Friday, November 15, 2013

Northern Lights

The Arctic is quickly become a region of geostrategic significance in world affairs. Arctic sea ice is melting rapidly, opening the sea to both oil and gas exploration and merchant shipping. The USGS estimates that 90 billion barrels of oil and 1,669 trillion cubic feet of natural gas lie undiscovered beneath the water. Shorter shipping distances are causing the once frozen waters to foam in the wake of the merchantmen that now ply them. Wherever merchant ships sail and oil rigs drill, navies follow close behind.    

The resources and shipping lanes of the Arctic

Eight nations claim EEZ rights to arctic waters and while most desire to use the newly unfrozen sea for economic development, Russia, and its Taekwondo wielding black-belt prime minister, seem bent on ruining everyone's fun. A new Cold War is brewing in the North and the Russian bear is learning to swim.

Russia plans on spending $63 billion by 2020 to improve its Arctic forces. This includes beefing up traditional land forces and deploying an Arctic squadron of ice breaking ships by 2014. Key to the Russian plan seems to be the $1.2 billion nuclear powered ice breaker, The Arctic.

But Russia is not waiting for its future plans to come into effect before flexing its muscle. According to Warships magazine, the Russians recently sent the battle-cruiser Peter the Great and ten support ships on a cruise through the sea along the Northern Sea Route (the Northeast passage). This new assertiveness comes on top of the Russian seizure of the Greenpeace vessel Arctic Sunrise and the imprisonment of the crew on trumped up charges of piracy.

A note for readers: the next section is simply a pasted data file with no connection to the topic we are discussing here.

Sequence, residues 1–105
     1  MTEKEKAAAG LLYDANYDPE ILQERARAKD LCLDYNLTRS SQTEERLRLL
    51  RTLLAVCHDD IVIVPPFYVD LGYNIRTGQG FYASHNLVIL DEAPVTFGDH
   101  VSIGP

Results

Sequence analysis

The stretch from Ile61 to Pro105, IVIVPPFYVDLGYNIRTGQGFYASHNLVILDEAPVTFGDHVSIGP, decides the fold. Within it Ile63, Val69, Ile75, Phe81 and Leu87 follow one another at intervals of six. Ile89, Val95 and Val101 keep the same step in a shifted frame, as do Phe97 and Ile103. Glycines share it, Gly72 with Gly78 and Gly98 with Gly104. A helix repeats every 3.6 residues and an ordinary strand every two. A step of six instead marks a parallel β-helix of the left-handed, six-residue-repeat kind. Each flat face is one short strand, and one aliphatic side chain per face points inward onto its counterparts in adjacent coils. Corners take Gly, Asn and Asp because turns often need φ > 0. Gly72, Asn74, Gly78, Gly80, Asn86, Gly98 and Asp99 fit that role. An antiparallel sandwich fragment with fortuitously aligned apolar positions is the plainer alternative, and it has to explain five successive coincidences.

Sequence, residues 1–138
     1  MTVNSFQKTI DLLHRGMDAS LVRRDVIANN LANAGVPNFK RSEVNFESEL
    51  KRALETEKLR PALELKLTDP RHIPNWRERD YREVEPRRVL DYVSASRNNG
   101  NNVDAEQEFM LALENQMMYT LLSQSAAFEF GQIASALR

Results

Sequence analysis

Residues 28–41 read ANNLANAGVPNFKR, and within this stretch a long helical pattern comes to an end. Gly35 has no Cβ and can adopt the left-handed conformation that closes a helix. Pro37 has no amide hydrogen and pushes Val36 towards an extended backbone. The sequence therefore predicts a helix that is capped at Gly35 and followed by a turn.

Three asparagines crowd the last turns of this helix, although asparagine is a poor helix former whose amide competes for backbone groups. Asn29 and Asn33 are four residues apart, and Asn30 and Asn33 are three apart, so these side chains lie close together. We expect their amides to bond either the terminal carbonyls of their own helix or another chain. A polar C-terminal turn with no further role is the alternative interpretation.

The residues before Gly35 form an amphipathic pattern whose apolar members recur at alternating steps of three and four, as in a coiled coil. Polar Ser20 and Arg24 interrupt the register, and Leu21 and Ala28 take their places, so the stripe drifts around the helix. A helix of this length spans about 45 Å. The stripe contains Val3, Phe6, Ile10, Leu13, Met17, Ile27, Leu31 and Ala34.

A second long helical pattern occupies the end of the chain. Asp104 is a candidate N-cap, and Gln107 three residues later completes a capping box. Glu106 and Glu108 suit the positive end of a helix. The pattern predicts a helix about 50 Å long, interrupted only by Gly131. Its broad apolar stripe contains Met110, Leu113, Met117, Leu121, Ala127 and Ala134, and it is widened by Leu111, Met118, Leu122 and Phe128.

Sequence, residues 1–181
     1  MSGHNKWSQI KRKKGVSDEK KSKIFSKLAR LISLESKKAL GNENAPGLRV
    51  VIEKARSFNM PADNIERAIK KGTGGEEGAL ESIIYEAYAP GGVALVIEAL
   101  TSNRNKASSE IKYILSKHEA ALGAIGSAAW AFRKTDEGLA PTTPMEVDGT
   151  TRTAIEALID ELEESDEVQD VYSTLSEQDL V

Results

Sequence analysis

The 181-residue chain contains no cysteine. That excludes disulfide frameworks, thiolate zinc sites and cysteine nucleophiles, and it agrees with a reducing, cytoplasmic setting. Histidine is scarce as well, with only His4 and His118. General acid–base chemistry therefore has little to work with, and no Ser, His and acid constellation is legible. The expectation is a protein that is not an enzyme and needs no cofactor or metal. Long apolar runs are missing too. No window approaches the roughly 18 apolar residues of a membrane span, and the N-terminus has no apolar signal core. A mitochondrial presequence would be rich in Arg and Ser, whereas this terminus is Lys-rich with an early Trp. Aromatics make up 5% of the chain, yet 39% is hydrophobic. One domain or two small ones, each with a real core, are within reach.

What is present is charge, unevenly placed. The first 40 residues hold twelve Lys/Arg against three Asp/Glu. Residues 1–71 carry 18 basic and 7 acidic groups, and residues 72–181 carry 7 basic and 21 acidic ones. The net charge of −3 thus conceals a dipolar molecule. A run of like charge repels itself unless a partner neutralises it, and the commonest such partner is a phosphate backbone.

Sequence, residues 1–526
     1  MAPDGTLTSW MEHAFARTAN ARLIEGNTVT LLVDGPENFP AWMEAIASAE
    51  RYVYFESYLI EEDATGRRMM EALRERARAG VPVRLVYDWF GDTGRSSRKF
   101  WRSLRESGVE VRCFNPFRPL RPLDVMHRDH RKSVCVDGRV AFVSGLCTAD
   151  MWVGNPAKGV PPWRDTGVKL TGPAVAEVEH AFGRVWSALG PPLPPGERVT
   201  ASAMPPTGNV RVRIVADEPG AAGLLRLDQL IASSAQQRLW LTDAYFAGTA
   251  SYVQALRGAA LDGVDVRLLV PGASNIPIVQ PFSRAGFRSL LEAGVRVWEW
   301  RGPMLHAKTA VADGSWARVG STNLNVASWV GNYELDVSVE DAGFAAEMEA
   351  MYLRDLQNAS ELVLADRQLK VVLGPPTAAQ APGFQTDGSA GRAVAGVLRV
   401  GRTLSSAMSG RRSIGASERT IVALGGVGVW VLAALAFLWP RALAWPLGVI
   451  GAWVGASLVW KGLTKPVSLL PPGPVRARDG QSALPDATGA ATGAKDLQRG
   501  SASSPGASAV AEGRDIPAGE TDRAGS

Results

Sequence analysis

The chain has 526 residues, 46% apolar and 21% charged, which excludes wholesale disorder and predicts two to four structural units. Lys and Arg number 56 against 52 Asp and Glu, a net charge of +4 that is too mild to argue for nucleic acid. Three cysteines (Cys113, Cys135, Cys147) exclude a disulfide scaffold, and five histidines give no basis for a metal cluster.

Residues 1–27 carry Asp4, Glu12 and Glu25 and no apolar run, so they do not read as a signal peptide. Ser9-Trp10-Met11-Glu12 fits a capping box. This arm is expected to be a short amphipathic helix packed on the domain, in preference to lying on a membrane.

Russian battle-cruiser Peter the Great
While Russian antagonism in the far north is increasing, and the Russians are retooling their fleet for Arctic operations, they still have a long way to go to meet US capabilities in the region.

Earlier this fall, the US submarine, Seawolf, traveled unseen from port in Washington state to Haakonsvern naval base in Norway via the North Pole. The Seawolf, one of the newest subs in the navy, was most likely packed with sensitive intelligence collection equipment, gathering data that will prove useful in any future Arctic naval conflict. This mission follows on one conducted by the Seawolf's sister sub, Connecticut in 2011.

USS Connecticut under Arctic ice in 2011
The ability of US subs to operate for long periods under the Arctic ice is a major advantage the US has over its Russian counterparts. While Russian nuclear subs are capable of Arctic operations and did, during the Cold War, conduct many Arctic operations, it appears the Kremlin may no longer wish to spend the billions it cost to build nukes, opting instead to build cheaper diesel-electric boats.  

While quieter, diesel-electric subs cannot stay submerged underwater, or ice for that matter, for extended periods of time. They are also slower and smaller than their nuclear brethren. For a nation determined to achieve naval dominance in the Arctic, diesel-electric submarines are not the way to power.

US nuclear powered submarines appear to be able to keep Russian ambitions in check right now, however, in the future, if the US cuts sub deployments and Russia continues its Arctic buildup, the situation may change. As the long Arctic night begins, we must keep a watchful eye on the North.

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